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User Experience belongs to the museum!

On the last rainy day I was there again. In the Pinakothek der Moderne. I love it, but unfortunately it's far too rarely "bad weather"....


Currently (summer 2022) there is an exhibition of Cecily Brown. A contemporary artist of my vintage, whose work belongs to the most interesting positions of the European contemporary scene.


The artist from London has intensively studied the collection of the Staatliche Graphische Sammlung in Munich. She has taken up impulses from Bosch and Bruegel to Cézanne and Michelangelo and paraphrased them in her own painting style.


I was particularly taken with her examination of a work by Franz Marc, entitled "Leda and the Swan".


A quick look around - who knows the myth?


No? Well, I have a gräcum, but I had to think about it for a while. Wasn't that something about sex with animals? So to be on the safe side, I read it again.


The facts are actually quickly told: According to Greek mythology, Zeus, the father of the gods, fell in love with Leda, approached her in the form of a swan and impregnated her after she - as a married woman - initially resisted his advances. A crisp theme, isn't it?


Also artistically really productive, because the grace of the swan has fascinated man since time immemorial. The white swan is considered a symbol of light and purity, of maturation and perfection. It also actually stands for love and fidelity.


The work of Franz Marc as the starting point of Cecily Brown's series, has a clear and easy to read composition. It gives us well recognizable visual clues, even in an abstract "dissolution" of the image idea to find the plumage of the swan, its neck as well as the head and torso of Leda again and again in the forms and colors of the other paintings.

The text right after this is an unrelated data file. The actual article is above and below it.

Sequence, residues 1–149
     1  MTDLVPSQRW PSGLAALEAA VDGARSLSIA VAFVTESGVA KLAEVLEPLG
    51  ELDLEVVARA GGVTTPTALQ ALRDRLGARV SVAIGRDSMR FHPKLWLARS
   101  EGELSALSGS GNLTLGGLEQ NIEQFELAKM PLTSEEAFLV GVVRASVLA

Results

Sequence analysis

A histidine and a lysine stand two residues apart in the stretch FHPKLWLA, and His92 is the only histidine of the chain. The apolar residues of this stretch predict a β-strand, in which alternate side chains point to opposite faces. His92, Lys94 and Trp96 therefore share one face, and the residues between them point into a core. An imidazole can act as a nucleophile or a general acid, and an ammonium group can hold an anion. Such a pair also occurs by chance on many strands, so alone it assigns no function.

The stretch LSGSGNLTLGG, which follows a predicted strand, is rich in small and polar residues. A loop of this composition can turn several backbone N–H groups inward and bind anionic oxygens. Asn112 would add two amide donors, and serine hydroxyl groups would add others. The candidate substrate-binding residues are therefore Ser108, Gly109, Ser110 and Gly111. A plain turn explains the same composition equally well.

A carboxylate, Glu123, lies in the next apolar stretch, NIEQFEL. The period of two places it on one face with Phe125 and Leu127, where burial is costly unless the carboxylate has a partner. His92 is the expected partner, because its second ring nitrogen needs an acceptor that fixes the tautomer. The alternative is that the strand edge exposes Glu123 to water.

Discovering Art: Visual stories like TikTok, only more blatant!


Finding similarities. To find out how the artist adapts and varies the theme. This is how I understood the "task" for the visitor in this exhibition. If that succeeds, then one has actively engaged with contemporary art, can talk about it and "take a position" oneself. In other words, a successful visit to the exhibition, regardless of whether one finds the pictures beautiful or not.


All the more I was surprised that the original by Marc (as a starting point) was very difficult to find and was not recognizable at the beginning of the pictures hung in a row. Instead, a text that I had to read - honestly - three times until I halfway understood it. And the collector from Frankfurt who accompanied me was no better off, she needed four attempts.


So we didn't just talk about Cecily's paintings - which would have given enough material for discussion as well - but also about why a museum makes it SO hard even for us to find access to the exhibits.


Too bad there wasn't a user experience designer involved here! UX could help make exhibitions and artworks popular - as exciting and understandable visual stories! Like social media, only more blatant...




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